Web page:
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‘Recruiters’ accused of scam

Villagers gather outside Stung Meanchey’s police station yesterday to file a complaint against recruitment agency Fruit Picking Australia for allegedly scamming them.
Villagers gather outside Stung Meanchey’s police station yesterday to file a complaint against recruitment agency Fruit Picking Australia for allegedly scamming them. Hong Menea

‘Recruiters’ accused of scam

Villagers from Kampot and Takeo provinces have filed complaints with police in Phnom Penh accusing a fly-by-night labour recruiting firm of tricking them into depositing $250 each with promises of well-paid work abroad, officials said yesterday.

The unregistered company, which called itself Fruit Picking Australia Co Ltd, advertised jobs at shoe factories in Hong Kong and China but then disappeared after accepting deposits, said Mao Savoeun, police chief of Meanchey district’s Stung Meanchey commune, where the firm’s offices were located.

“The agency already closed before the people filed the complaints,” Savoeun said. “We received about 15 complaints from Kampot, mostly, and Takeo province, and others. We have referred these cases to the anti-human trafficking police at the Ministry of Interior. I think more people might still come forward.”

Sith Panha, a 47-year-old from Kampot’s Banteay Meas district, said he had made the $250 administrative deposit after hearing a radio advertisement last month promising refunds if the firm could not find work within three months, but soon grew suspicious.

“It sounded very reliable to me. I heard there were many benefits, and that’s why it interested me so I went to the agency to fill in forms on July 7. They said if within three months there was no visa or no work, the agency would pay it all back,” Panha said.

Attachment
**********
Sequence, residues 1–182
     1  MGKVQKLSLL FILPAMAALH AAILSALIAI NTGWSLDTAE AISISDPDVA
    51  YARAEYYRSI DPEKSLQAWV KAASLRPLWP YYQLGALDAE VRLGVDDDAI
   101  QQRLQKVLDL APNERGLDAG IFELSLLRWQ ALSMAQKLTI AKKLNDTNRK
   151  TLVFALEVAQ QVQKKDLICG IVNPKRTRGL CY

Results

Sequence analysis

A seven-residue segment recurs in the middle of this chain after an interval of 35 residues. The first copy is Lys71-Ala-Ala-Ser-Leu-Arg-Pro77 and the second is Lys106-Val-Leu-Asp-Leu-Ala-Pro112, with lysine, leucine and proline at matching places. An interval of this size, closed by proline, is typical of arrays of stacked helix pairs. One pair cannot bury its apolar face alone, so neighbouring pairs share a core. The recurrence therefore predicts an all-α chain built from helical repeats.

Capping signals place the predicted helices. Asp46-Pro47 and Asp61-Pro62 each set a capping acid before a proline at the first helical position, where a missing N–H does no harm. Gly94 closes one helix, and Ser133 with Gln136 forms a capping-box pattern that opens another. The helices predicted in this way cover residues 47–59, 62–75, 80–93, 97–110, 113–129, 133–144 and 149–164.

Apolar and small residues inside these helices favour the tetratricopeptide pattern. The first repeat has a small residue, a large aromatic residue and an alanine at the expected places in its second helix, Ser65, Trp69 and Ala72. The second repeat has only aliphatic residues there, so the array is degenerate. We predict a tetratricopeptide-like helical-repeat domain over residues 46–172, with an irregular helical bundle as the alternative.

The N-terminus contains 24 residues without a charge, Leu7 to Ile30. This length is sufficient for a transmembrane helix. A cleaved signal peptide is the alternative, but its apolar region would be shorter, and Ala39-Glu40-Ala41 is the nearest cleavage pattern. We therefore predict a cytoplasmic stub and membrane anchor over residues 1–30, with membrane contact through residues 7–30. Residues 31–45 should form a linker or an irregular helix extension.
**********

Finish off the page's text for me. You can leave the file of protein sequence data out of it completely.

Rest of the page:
When the firm asked him to take a blood test at a private clinic rather than at the Labour Ministry, he said he checked if the company was registered. It was not, he said, so he went to the Interior Ministry to file a complaint about the lost money and documents.

“They did not accept it,” he said. “They asked me to bring evidence and asked me to gather six or seven complaints. We lost money and important documents like our family books, ID cards and birth certificates, and I think they were too slow in demanding so much evidence before cracking down.”

“We appeal to the Labour Ministry and the police to find the perpetrators for us,” Panha added.

Srun Sokleng, a 27-year-old farmer from Takeo, said that eight members of his family had lost $250 and their documents to Fruit Picking Australia Co Ltd after also hearing the advertisements on the radio for the jobs at a shoe factory in Hong Kong.

“I want the police to bring back the important documents like our passports and identity cards. We lost it all,” Sokleng said. “And if it’s possible, could we get our money back? We are farmers, so it’s hard to save up so much money. We had to take loans.”

Pol Pithey, head of the Interior Ministry’s Anti-Human Trafficking Department, said police were now looking into the firm. “We are investigating. This was not a company, it was a group of cheaters,” he said.

The Information Ministry on July 13 also issued a public letter warning radio stations not to air advertisements from unlicensed firms, after receiving a letter from the Labour Ministry informing it of the issue.


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